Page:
“The reason on which the rule is said to rest cannot include the case of communications, criminal in themselves, or intended to further any criminal purpose, for the protection of such communications cannot possibly be otherwise than injurious to the interests of justice, and to those of the administration of justice. Nor do such communications fall within the terms of the rule. A communication in furtherance of a criminal purpose does not ‘come into the ordinary scope of professional employment".

Powers of search and LPP

12.  Before considering surveillance it is instructive to look at LPP in the context of another type of invasion of privacy - the powers given to the police to search private premises. These powers are necessarily statutory, for absent statutory powers the search of private premises will constitute the tort of trespass. In general, when granting powers of search and seizure Parliament has been careful expressly to exclude from their ambit communications that are protected by LPP. Thus section 8 of PACE gives a justice of the peace the power to issue a search warrant for material likely to be of substantial value to the investigation of a serious arrestable offence provided that there are reasonable grounds for believing that the material in question “does not consist of or include items subject to legal privilege". Section 19, which makes provision for powers of seizure provides that no power of seizure conferred on a constable under any enactment is to be taken to authorise the seizure of an item which he has reasonable grounds for believing to be subject to legal privilege. Section 2(9) of the Criminal Justice Act 1987 gives protection to documents covered by LPP against the issue of a search warrant to the Serious Fraud Office. The powers to obtain search warrants under the Prevention of Terrorism (Temporary Provisions) Act 1989 were similar to those in PACE and contained similar protection in respect of documents covered by LPP. The same is true of the Terrorism Act 2000. The power of a circuit judge to make an access order under section 55 of the Drugs Trafficking Act 1994 does not apply to material subject to legal privilege.

13.  Section 10 of PACE defines “items subject to legal privilege” to include communications between a professional legal adviser and his client or any person representing his client made in connection with the giving of legal advice to the client. The definition is expressly subject to the iniquity exception, for section 10(2) provides “items held with the intention of furthering a criminal purpose are not items subject to legal privilege".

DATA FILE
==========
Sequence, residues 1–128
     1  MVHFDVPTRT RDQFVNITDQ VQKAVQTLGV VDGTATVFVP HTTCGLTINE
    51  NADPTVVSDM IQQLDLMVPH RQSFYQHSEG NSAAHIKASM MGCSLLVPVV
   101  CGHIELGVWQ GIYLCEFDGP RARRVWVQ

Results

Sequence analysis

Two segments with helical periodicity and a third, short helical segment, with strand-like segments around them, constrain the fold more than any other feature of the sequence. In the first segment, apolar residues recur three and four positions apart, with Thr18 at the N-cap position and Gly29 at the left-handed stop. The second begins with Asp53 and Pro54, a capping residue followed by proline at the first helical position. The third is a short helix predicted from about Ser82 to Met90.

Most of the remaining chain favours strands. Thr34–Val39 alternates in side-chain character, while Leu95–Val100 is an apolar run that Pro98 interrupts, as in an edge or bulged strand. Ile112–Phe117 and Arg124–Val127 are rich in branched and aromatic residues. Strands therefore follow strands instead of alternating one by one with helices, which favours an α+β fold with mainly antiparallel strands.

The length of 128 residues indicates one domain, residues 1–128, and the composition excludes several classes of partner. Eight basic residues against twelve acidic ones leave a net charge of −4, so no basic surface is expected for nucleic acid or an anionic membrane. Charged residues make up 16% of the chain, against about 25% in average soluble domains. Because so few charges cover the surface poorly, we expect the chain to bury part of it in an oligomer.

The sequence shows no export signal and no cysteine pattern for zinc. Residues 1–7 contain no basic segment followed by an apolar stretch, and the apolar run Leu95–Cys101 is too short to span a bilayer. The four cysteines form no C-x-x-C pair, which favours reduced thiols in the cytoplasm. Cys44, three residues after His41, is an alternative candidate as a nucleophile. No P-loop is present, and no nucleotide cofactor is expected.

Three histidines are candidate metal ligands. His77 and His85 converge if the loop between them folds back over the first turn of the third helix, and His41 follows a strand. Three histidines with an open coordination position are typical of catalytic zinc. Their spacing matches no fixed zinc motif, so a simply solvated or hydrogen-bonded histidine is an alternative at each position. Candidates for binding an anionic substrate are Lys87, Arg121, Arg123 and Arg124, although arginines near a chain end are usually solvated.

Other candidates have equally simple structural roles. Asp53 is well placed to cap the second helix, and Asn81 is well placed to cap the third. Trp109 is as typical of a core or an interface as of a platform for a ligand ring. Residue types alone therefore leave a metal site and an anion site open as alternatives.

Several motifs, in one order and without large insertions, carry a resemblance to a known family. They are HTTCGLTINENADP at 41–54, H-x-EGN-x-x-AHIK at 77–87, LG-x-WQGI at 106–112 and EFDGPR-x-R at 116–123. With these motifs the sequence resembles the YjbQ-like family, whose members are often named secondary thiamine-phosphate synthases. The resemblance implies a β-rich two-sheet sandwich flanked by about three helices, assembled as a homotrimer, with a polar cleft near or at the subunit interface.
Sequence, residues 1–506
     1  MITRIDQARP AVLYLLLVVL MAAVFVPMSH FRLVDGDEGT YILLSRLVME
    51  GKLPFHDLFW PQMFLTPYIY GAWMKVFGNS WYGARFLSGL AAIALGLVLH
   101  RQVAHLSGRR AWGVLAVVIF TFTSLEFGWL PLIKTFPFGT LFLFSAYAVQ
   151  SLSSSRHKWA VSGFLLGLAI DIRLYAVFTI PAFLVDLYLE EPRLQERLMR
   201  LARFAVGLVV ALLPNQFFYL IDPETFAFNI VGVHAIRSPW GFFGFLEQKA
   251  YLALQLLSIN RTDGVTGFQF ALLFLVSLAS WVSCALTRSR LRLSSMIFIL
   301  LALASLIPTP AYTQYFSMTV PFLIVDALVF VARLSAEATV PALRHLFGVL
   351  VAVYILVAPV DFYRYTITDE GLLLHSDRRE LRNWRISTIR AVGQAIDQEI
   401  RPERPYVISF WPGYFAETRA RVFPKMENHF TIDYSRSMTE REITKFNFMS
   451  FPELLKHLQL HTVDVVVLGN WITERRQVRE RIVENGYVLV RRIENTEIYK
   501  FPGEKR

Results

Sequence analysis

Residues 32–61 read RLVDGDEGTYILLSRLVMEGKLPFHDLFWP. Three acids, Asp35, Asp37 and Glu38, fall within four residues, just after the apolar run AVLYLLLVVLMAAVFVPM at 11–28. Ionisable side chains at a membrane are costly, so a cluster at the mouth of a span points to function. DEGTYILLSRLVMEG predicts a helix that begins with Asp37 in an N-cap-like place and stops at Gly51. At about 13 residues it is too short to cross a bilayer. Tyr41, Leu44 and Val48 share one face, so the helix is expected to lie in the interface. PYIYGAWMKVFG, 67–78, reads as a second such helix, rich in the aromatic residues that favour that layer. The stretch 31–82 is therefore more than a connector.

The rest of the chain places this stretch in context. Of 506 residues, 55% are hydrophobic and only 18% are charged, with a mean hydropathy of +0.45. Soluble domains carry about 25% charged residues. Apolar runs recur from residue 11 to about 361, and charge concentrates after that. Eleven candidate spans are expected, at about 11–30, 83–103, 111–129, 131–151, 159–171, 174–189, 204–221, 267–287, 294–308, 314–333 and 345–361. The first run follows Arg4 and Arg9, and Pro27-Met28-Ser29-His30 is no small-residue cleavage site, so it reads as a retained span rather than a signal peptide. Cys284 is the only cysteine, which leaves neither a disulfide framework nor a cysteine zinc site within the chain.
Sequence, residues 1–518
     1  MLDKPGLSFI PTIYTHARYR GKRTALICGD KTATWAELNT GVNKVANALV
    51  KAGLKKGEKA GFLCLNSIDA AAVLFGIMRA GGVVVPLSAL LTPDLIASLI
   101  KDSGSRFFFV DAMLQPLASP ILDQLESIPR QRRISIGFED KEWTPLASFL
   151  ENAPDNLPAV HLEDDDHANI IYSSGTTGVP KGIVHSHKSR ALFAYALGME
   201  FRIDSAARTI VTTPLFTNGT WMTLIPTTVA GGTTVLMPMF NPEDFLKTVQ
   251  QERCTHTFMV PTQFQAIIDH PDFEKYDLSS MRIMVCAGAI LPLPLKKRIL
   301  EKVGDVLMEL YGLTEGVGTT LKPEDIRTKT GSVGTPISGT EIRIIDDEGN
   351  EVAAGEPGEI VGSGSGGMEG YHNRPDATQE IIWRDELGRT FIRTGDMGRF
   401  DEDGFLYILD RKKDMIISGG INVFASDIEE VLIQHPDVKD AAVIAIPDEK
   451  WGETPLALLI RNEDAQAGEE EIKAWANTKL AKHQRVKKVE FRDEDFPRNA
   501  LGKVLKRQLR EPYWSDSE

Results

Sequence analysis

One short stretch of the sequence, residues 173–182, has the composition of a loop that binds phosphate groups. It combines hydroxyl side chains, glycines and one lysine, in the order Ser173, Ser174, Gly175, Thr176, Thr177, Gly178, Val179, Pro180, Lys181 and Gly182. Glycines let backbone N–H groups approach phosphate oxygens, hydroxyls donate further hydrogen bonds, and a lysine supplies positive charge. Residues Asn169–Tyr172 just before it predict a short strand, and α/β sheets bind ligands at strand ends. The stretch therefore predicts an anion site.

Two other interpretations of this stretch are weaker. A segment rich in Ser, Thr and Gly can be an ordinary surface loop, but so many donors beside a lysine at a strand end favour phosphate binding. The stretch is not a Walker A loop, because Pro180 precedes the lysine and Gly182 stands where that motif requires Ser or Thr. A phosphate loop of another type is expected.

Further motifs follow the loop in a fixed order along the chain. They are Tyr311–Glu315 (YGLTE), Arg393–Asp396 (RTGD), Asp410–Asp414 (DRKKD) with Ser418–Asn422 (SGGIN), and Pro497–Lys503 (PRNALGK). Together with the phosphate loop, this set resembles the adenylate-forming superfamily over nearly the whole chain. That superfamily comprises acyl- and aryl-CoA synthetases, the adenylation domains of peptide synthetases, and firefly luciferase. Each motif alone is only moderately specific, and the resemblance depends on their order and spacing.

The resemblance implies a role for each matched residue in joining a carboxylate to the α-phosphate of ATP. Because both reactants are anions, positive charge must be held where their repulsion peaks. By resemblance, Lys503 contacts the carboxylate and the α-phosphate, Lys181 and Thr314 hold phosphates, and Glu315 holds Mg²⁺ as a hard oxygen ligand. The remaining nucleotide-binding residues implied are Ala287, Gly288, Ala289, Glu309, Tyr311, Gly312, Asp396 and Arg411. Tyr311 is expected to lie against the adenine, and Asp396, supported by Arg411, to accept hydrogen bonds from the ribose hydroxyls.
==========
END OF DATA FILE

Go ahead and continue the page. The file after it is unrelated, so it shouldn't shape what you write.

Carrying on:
Interception of communications and surveillance

14.  Article 8 of the Convention, to which the United Kingdom was one of the original subscribers, provides that everyone has the right to respect for his private life and his correspondence. This right is qualified by Article 8(2) which permits interference with it “in accordance with the law” in so far as necessary for the purposes there specified. Prior to 1985 this country failed to comply with Article 8 in as much as the police and the security services intercepted mail and telecommunications and carried out electronic surveillance in accordance with executive discretion that was not subject to statutory regulation. Interception had to be authorised by a warrant issued by the Secretary of State. The intelligence acquired was used for detecting and preventing serious crime and not for gathering evidence for use in prosecutions. For this reason no issue of LPP arose in relation to it. Surveillance must, on occasion, have disclosed to the authorities communications between lawyer and their clients, but no attempt appears to have been made to use such material as evidence, so once again no issue in relation to LPP appears to have arisen.

15.  The United Kingdom practice in relation to the interception of telecommunications was successfully challenged before the Strasbourg Court in Malone v United Kingdom (1984) 7 EHRR 14. The Court found that there was obscurity and uncertainty as to the extent to which interception was subject to rules of law rather than executive discretion so that the interference with Mr Malone’s private life did not satisfy the requirement of being “in accordance with the law". This led to the enactment of the Interception of Communications Act 1985. No mention is made in that Act of LPP, but problems in relation to this were unlikely to arise as the Act continued the policy of precluding the use as evidence of the product of interception.

16.  The United Kingdom remained in breach of the requirements of Article 8(2) in relation to covert surveillance of private property in as much as this was not subject to any statutory regulation. Adverse decisions at Strasbourg led to the Security Services Act 1989 and the Intelligence Services Act 1994, which regulated surveillance by the Security Services. These statutes made no reference to LPP. Nor did they cover surveillance by the police. This was carried out, in accordance with Home Office Guidelines on a very substantial scale. In 1995 there were approximately 2,100 authorisations by chief officers of intrusive surveillance operations in the United Kingdom carried on by the police and the customs service (HC Debs, written answer, col 512, 21 January 1997).